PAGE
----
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Old 01-14-2022, 05:24 AM   #12 (permalink)
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Still Got the Blues (1990)

Although I personally saw this as something of a disappointment after albums like Corridors of Power, Victims of the Future and Run for Cover, there's no denying that it represented a serious shift in Gary's musical direction and focus, as he went back to the tried and trusted blues standards he had grown up with, learned and practiced, and which to some extent characterised his first two albums. For this, his first “real” blues album, Gary invited some blues legends to play and write with him, and it's an album on which he writes the least amount of the tracks, only five out of a total of twelve; the rest are all covers. This may be why at first the album did not appeal to me.

The title could, I guess mean two things, the first obvious, as in a declaration of feeling down, miserable, well, blue. The other meaning though I think may be talking to fans of his from the early days, who may have been somewhat underwhelmed by what they might have seen as his later move towards more poppy/rock material and away from the music he grew up on. This, then, perhaps reassures them that Gary is very much still a bluesman, and has not by any means forgotten where he came from.

It opens with one of his own, a short fast rocker called “Moving On”, itself perhaps a declaration of his future intentions with regard to his musical influences. Even the guitar work on this is more blues than rock, and the album involves more brass than before, with trumpets and sax, as well as strings. This however is a stripped-down rocker, then “Oh Pretty Woman” is a storming version of A.C. Williams' classic (not the Roy Orbison song of the same name), with a boogie, creeping bass and some really nice upscale guitar from guest legend Albert King, trumpets adding a real Chicago blues feel to the song. Gary's old mate Brian Downey is back hitting the skins, and Don Airey is at the keys, while longtime bandmate Bob Daisley keeps the bassline tight.

Jimmy Rodgers' “Walking By Myself” is big, bold and brassy, with stop-start guitar and a great strut with some fine harmonica from Frank Mead, then it's one of Gary's own, a future classic as the title track moves into view. Six minutes plus of pure laidback, angst-ridden, gut-wrenching blues ballad, it really is "Parisienne Walkways" for the nineties, and it stands very firmly alongside the standards here, and should last the test of time, being required reading for new blues guitarists in years to come. Beautifully understated keyboards from Airey mesh gracefully with a stunning string section, given the whole thing a lush, grandiose feel. Some bluesy piano from Nicky Hopkins also flows through the song, and it really is one of Gary's best. It fades out on a two-minute electric guitar solo (electric in every sense of the word!) from Gary.

“Texas Strut”, another Moore original, starts off as a blues ballad but on a shouted “One, two, three, four!” from Gary it kicks into life and becomes a fast rocker, kind of similar in ways to Lizzy's “Leave This Town” off Renegade, just in places. Downey is in his element on the drumstool, and the whole band seem to be thoroughly enjoying themselves as Gary Moore gets back to what Gary Moore does best, the sense of exuberance and joy running through this album almost palpable. Johnny “Guitar” Watson's “Too Tired” is next given the Moore treatment, as another legend, Albert Collins lends a hand to the standard, then the trumpets are back to herald another Gary original, “King of the Blues”, with some stirring organ from Don Airey and great trumpeting from Raoul d'Olivera.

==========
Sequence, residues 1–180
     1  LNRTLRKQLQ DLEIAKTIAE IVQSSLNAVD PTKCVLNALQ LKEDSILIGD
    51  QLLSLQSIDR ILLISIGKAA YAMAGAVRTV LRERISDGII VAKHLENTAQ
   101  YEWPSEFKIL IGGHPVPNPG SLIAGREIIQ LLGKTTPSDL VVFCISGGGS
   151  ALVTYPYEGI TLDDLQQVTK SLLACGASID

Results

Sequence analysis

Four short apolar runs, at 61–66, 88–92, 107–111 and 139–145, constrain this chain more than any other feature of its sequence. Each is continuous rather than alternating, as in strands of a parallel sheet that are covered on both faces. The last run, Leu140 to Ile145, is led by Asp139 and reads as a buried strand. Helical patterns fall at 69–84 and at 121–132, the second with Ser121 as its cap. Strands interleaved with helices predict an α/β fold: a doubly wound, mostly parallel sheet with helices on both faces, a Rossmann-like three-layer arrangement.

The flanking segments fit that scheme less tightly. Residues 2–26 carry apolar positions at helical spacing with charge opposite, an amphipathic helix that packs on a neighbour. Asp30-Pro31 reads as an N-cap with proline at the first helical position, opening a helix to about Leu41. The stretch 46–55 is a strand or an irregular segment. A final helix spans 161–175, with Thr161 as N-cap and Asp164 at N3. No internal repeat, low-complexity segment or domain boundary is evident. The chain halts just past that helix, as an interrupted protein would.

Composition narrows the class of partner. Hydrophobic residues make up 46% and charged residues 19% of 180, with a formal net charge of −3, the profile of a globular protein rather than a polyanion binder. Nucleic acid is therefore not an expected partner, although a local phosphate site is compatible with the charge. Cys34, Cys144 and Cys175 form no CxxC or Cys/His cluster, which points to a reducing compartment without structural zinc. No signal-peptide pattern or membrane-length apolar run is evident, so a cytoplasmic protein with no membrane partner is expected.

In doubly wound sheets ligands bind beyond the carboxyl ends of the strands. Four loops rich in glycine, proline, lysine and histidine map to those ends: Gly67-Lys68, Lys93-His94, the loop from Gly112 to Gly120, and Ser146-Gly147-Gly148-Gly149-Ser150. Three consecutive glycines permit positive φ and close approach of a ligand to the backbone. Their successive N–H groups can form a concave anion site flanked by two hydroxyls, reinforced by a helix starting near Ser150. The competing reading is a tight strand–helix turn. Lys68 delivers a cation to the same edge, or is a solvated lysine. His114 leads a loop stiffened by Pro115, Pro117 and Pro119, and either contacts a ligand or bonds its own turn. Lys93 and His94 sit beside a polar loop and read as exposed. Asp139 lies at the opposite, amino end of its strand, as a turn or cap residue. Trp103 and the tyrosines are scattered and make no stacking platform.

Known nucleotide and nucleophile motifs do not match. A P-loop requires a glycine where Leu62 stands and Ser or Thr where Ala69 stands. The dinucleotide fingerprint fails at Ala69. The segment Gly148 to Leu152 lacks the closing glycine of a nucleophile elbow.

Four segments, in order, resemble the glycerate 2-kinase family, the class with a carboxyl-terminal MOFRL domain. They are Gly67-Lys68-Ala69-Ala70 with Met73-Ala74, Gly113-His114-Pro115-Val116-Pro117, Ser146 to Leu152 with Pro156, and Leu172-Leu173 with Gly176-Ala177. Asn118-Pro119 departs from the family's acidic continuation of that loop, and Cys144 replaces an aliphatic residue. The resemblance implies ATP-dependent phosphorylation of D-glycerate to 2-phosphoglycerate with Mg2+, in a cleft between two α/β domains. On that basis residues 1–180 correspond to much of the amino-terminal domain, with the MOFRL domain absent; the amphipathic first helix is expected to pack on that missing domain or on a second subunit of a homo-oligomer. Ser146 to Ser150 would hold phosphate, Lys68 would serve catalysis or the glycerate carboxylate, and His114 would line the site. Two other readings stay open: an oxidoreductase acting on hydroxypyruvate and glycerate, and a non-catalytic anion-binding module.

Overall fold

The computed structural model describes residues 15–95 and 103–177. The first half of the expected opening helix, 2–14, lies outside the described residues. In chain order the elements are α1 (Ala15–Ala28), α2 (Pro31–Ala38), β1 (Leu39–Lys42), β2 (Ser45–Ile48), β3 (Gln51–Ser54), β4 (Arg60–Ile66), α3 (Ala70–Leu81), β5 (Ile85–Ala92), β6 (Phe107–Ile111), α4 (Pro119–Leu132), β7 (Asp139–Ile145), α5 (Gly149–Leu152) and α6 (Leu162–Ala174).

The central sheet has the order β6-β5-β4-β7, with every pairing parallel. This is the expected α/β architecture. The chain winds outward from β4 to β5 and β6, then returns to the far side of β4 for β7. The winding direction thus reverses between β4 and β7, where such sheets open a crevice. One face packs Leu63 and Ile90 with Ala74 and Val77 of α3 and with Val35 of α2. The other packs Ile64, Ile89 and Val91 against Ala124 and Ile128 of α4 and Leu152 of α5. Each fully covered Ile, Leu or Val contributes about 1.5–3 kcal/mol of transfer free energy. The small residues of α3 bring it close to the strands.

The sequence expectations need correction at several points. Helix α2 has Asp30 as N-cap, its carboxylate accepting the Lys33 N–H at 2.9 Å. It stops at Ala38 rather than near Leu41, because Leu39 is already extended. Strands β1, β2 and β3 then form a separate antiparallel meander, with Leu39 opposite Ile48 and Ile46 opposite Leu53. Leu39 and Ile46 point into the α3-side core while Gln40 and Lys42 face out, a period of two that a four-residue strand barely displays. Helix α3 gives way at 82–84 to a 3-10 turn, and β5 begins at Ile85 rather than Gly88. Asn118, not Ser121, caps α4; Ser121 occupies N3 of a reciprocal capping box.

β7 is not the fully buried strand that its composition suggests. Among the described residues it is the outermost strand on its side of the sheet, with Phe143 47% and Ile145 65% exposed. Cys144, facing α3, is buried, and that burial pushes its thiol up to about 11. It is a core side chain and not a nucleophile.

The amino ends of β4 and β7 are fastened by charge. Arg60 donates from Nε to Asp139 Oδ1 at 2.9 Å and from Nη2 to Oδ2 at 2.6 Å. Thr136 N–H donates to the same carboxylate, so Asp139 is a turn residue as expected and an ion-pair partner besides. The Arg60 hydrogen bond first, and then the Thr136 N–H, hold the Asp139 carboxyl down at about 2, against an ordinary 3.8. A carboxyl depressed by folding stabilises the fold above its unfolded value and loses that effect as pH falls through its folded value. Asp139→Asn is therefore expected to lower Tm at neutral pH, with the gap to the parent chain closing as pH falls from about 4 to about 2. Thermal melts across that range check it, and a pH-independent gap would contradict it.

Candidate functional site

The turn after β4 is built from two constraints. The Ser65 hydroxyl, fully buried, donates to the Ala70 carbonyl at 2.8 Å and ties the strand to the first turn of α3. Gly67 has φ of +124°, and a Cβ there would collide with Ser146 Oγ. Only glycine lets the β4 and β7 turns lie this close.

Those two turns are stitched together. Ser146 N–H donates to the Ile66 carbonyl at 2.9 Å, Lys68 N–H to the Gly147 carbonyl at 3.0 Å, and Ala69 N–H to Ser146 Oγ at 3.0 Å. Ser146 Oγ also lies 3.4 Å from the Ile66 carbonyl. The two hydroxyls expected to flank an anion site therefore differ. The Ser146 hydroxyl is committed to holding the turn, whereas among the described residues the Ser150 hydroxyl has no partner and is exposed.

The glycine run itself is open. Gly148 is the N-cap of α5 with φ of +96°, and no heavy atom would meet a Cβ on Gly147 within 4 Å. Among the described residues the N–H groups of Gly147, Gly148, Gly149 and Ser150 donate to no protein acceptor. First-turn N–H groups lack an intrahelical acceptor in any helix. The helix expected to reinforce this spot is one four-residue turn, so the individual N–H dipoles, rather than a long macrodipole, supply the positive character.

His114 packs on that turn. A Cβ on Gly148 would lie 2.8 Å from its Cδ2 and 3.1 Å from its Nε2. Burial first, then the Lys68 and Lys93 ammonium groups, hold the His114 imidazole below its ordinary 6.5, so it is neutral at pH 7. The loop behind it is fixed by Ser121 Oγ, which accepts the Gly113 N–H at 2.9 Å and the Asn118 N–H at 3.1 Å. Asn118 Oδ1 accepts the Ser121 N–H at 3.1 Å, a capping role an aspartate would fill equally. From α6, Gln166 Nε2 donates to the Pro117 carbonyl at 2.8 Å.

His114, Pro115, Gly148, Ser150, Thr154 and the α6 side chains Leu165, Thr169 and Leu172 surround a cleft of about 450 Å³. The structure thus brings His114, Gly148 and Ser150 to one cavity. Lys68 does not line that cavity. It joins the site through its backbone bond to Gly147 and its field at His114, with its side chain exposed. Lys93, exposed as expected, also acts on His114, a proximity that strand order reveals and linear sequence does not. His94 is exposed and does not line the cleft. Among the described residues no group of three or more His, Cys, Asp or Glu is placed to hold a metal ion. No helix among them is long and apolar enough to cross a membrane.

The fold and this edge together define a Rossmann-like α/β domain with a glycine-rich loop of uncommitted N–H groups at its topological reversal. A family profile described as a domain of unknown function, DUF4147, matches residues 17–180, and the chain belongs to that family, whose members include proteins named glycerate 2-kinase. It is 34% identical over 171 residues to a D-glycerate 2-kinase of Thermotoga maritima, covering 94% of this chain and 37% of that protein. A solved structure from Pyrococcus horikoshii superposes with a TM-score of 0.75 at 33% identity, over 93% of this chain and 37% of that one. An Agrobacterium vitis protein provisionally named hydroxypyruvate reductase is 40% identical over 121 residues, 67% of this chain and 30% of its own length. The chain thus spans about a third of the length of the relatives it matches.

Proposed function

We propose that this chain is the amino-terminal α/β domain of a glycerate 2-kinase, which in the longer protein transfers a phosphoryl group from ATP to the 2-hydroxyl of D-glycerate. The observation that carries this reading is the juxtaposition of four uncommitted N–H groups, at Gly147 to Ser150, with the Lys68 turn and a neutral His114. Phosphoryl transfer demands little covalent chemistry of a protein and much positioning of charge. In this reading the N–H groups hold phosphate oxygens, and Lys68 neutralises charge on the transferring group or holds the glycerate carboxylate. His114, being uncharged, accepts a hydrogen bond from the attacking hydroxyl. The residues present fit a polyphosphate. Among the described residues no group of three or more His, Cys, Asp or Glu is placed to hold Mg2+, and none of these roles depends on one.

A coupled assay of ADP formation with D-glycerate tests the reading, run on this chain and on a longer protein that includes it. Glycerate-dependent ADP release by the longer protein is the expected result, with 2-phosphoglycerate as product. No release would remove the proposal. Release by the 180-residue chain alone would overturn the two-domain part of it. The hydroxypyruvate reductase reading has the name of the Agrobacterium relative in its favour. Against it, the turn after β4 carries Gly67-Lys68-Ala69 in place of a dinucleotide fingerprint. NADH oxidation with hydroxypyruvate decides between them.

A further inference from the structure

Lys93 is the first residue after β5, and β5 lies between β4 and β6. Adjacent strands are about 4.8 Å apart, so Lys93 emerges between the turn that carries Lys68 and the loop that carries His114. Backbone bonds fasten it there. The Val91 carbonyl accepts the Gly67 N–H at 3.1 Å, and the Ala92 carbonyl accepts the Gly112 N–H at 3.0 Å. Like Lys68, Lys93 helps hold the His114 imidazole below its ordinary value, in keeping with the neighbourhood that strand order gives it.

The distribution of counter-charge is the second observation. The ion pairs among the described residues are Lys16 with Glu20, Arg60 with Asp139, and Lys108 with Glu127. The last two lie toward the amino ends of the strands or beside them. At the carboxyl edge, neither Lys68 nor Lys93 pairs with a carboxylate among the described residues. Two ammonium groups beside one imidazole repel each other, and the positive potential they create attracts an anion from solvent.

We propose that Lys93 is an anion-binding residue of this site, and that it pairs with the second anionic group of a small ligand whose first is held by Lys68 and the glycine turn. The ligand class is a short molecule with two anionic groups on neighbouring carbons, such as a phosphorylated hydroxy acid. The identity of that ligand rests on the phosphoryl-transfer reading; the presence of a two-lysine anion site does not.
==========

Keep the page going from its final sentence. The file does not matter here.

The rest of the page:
The other standout is also a blues ballad, though not one of his own. It's Deadric Malone's timeless “As the Years Go Passing By”, with some really mournful trumpet and sax and some truly inspiring piano work from Hopkins. It's actually the longest track on the album, almost eight minutes long. “Midnight Blues” creeps along on blues/rock feet through dark alleys, with a great bassline from Daisley leading the song, the last written by Gary on the album. George Harrison then puts in a guest appearance on a cover of his own song “That Kind of Woman”, with some jazzy trumpet and a fun uptempo beat, then Otis Rush's “All Your Love'” keeps things rocking before the album wraps up with one of Gary's idols, Peter Green, and his “Stop Messin' Around.”

Like I say, maybe it's because I had expected to hear original Gary Moore songs that I didn't really like this album, or that the likes of the ones that had come before it had ill-prepared me for an album of blues songs and covers. Even now, it's still not my favourite, even though I now have a slightly better appreciation of the blues. Nevertheless, it would mark a shift in how Gary played his music, right up to 1997's Dark Days in Paradise, and then two albums later in 2001 Gary would go right back to the blues, and never change that format until his death. Still Got the Blues was a glimpse into Gary Moore's future, and what he would do with forthcoming albums.


1. Moving On
2. Oh Pretty Woman
3. Walking By Myself
4. Still Got the Blues
5. Texas Strut
6. Too Tired
7. King of the Blues
8. As the Years Go Passing By
9. Midnight Blues
10. That Kind of Woman
11. All Your Love
12. Stop Messin' Around

Rating: 7.8/10
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Last edited by Trollheart; 01-14-2022 at 05:29 AM.
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